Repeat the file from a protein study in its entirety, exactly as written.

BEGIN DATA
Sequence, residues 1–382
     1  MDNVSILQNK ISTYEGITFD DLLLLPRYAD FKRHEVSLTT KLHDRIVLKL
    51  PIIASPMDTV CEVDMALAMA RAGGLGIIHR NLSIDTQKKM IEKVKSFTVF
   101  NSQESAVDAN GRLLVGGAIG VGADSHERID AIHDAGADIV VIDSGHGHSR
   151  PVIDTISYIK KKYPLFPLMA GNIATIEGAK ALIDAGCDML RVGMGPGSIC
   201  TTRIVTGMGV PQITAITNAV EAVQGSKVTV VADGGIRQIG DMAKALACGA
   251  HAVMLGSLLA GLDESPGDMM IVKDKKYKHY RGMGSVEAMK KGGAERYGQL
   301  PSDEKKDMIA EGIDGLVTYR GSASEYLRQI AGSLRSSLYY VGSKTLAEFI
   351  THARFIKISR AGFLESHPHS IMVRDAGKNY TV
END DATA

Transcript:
Sequence, residues 1–382
     1  MDNVSILQNK ISTYEGITFD DLLLLPRYAD FKRHEVSLTT KLHDRIVLKL
    51  PIIASPMDTV CEVDMALAMA RAGGLGIIHR NLSIDTQKKM IEKVKSFTVF
   101  NSQESAVDAN GRLLVGGAIG VGADSHERID AIHDAGADIV VIDSGHGHSR
   151  PVIDTISYIK KKYPLFPLMA GNIATIEGAK ALIDAGCDML RVGMGPGSIC
   201  TTRIVTGMGV PQITAITNAV EAVQGSKVTV VADGGIRQIG DMAKALACGA
   251  HAVMLGSLLA GLDESPGDMM IVKDKKYKHY RGMGSVEAMK KGGAERYGQL
   301  PSDEKKDMIA EGIDGLVTYR GSASEYLRQI AGSLRSSLYY VGSKTLAEFI
   351  THARFIKISR AGFLESHPHS IMVRDAGKNY TV